This is the world of the Enterprise Architect. These are the kinds of “failure” that fill the eyes and ears of an Enterprise Architect. If an EA focuses on only these six causes, he or she will deliver real, tangible, and unique value to their enterprise without ever overlapping the roles and responsibilities of an IT architect, business analyst, or technologist.
To be fair, these are steps to create a solid understanding of the architecture of a business, but the deliverable is a core diagram, so that’s the title of the post. I first wrote about a method for creating core diagrams about a year ago, as I was preparing for a talk on the subject at the Open Group conference in San Francisco. Now that I’m preparing for another Open Group conference, I find myself filling out some of the details from the previous effort. Most of the text below is copied from an e-mail that I sent to a fellow business architect who was asking about how to create a core diagram.
The text below describes a five step process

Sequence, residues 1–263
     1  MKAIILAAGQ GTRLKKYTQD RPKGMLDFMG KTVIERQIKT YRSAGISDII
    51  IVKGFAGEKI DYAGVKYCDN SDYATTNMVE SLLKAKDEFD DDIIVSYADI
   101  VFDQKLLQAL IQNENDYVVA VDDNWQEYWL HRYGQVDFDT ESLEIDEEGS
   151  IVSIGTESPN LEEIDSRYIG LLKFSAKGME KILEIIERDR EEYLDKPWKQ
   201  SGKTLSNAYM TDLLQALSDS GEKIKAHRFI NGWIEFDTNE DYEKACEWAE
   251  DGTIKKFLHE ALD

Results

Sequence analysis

Understanding how to create a core diagram starts by collecting a list of the business models that your organization performs. Each business model is unique and different from the other ones. Each will require different capabilities and will often drive variations in those capabilities for the sake of market or product differentiation. You cannot create a core diagram effectively without the list of business models.
So what is in a business model? I’ve blogged about that fairly well. A business model is a composition of elements that describes how and why a value proposition exists, who it is for, and what it drives in terms of internal and external requirements. The diagram is below. (click to enlarge)